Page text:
Image description: A rusty lock and chain on a wooden door. Text reads “Restraint: A zine about small, silent, and subversive methods of responding to injustice. Send submissions or questions to email@example.com. Submission deadline January 31, 2019.”
1. a measure or condition that keeps someone or something under control or within limits.
How do we experience restraint?
How do we resist injustice?
How do we break free, break open, break stigma, break barriers?
Many of us are resisting injustice from a place of external or internal restraint. Either being controlled or controlling ourselves, or both.
We may not “come out” because it wouldn’t be safe, or because it isn’t the way we want to move through our world, or because it would jeopardize our relationships or our work.
We may not “speak up” to bullying, abuse, or injustice because it would put our career in danger, or it would put people we love in harm’s way, or because other people have power over us and we can’t afford to antagonize them, or because we have other ways of resisting those injustices.
(Disabled folks who can’t speak up to injustices committed by their carers because of the power differential, racialized folks who can’t speak up to injustices in the office because they’ll be labelled “angry”, trans folks who can’t speak up to injustices in the medical community because it would put their access to transition support in jeopardy – there are so many of these situations!)
But despite these restraints, people are never passive recipients of trauma or injustice. As David Denborough says in the Charter of Storytelling Rights, “Everyone has the right for their responses to trauma to be acknowledged. No one is a passive recipient of trauma. People always respond. People always protest injustice.”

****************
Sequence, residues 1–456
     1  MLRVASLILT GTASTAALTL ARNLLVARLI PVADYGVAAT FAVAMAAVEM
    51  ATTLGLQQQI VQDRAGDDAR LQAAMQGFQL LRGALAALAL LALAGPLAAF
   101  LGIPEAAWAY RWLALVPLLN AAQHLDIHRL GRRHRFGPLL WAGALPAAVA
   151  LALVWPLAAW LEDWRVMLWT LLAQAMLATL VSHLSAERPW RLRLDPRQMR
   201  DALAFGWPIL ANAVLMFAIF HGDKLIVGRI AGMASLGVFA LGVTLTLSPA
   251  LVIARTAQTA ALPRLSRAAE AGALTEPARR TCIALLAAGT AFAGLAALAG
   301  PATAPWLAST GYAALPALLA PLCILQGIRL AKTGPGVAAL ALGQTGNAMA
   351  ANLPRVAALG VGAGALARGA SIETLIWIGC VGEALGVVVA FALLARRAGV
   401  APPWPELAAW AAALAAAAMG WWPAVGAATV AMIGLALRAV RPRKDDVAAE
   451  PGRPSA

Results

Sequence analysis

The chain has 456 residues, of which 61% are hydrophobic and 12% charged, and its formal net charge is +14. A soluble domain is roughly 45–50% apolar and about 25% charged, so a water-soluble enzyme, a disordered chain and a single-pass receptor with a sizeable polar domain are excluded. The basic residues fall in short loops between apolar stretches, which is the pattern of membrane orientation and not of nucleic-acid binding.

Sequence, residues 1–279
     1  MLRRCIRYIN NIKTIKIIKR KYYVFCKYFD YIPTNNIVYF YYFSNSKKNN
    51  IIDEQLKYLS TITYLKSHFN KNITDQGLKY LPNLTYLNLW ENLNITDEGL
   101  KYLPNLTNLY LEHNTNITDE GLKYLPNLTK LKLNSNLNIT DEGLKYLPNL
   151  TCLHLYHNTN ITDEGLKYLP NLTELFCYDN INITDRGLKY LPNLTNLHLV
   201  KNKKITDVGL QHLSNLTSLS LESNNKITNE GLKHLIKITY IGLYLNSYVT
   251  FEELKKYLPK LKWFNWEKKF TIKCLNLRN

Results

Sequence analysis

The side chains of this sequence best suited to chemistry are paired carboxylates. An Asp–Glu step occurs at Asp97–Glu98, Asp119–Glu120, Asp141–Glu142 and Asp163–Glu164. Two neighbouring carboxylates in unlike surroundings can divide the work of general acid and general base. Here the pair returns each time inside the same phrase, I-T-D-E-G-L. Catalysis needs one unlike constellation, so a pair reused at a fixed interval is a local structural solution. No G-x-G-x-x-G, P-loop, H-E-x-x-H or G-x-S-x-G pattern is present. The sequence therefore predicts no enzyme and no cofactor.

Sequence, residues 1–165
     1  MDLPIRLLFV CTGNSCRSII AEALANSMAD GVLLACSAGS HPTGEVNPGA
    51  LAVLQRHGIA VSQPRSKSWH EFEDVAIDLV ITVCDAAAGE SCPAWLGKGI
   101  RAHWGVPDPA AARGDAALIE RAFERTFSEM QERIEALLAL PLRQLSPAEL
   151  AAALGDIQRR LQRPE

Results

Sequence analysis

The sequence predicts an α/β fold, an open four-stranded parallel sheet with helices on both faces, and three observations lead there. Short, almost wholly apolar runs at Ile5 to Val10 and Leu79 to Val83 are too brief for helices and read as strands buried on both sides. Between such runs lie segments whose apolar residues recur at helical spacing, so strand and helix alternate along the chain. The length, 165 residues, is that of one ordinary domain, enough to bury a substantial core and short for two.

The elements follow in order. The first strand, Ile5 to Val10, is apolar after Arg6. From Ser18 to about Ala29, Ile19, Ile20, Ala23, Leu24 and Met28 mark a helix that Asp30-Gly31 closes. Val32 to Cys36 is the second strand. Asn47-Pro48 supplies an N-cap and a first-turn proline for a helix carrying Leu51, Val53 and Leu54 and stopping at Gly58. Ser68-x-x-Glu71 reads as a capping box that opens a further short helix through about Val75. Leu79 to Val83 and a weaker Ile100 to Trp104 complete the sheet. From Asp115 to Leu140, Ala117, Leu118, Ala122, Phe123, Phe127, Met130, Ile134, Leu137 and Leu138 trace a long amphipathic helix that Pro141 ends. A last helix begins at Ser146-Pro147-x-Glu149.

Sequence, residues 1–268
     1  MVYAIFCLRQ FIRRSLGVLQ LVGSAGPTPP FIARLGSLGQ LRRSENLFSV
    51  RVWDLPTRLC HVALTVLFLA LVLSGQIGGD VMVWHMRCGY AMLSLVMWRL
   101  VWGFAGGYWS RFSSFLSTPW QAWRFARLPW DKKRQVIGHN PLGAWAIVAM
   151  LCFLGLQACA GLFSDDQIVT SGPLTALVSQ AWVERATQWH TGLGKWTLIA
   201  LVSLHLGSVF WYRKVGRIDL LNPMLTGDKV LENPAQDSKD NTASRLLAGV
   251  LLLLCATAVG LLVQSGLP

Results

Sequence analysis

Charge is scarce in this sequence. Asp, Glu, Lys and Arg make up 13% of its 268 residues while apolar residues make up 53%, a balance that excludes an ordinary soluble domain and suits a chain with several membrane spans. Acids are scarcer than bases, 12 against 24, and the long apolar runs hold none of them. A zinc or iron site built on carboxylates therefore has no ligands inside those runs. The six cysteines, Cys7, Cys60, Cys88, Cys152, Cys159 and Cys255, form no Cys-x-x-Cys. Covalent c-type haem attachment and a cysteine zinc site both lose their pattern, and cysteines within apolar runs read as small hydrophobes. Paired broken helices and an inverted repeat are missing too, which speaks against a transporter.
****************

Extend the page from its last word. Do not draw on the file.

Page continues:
There are many ways to resist, challenge, and respond to injustice.
This zine celebrates and recognizes the small, silent, and subversive responses to injustice.
It is inspired by the April Possibilities bi+ community discussion of “the closet”, and by the March Self-Care Salon discussion about being a professional on the margins, as well as other conversations and experiences of restraint (both restraint that is painful and externally imposed, and restraint that is joyful and internally chosen).
Do you have a story of restraint?
Send your submissions of art, comics, short fiction, non-fiction, poetry, or essay to firstname.lastname@example.org before January 31, 2019. You can also send your questions.
(Depending on the number, size, and content of submissions, some may be edited. Nothing will be put into the final zine altered without the author’s consent.)
The holiday season means that a lot of folks are operating under imposed restraints – “don’t talk about politics” / “don’t bring your other partner” / “don’t talk about your sexuality” / “don’t make a fuss”.
This zine got slipped over to the backburner while I was working on my masters degree, but it’s the season for small, silent, and subversive methods of resisting injustice, so let’s do this!!!
I want to hear your stories.
They don’t have to be related to the holiday season (this zine won’t be complete this month either way).
If you want help telling your story, I can interview you!
I find myself very conscious of Unspeakable Things right now – the things that we are not allowed to talk about because other people have imposed restrictions on our speech. Seemed like a good time to share this again and invite your participation.